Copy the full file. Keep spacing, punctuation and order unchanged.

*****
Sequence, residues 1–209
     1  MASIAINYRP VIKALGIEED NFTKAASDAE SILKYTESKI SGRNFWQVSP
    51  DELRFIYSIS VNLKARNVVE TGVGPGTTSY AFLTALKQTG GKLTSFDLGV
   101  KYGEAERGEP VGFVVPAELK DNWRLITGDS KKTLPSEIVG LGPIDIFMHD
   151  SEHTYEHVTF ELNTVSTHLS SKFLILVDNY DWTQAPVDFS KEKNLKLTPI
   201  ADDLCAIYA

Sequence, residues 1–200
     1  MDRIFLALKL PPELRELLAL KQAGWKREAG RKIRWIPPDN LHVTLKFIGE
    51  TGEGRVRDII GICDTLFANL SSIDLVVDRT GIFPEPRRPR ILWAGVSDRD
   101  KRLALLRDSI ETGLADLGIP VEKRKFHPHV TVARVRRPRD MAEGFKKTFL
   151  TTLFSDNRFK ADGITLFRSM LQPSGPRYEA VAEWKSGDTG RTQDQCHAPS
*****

Sequence, residues 1–209
     1  MASIAINYRP VIKALGIEED NFTKAASDAE SILKYTESKI SGRNFWQVSP
    51  DELRFIYSIS VNLKARNVVE TGVGPGTTSY AFLTALKQTG GKLTSFDLGV
   101  KYGEAERGEP VGFVVPAELK DNWRLITGDS KKTLPSEIVG LGPIDIFMHD
   151  SEHTYEHVTF ELNTVSTHLS SKFLILVDNY DWTQAPVDFS KEKNLKLTPI
   201  ADDLCAIYA

Sequence, residues 1–200
     1  MDRIFLALKL PPELRELLAL KQAGWKREAG RKIRWIPPDN LHVTLKFIGE
    51  TGEGRVRDII GICDTLFANL SSIDLVVDRT GIFPEPRRPR ILWAGVSDRD
   101  KRLALLRDSI ETGLADLGIP VEKRKFHPHV TVARVRRPRD MAEGFKKTFL
   151  TTLFSDNRFK ADGITLFRSM LQPSGPRYEA VAEWKSGDTG RTQDQCHAPS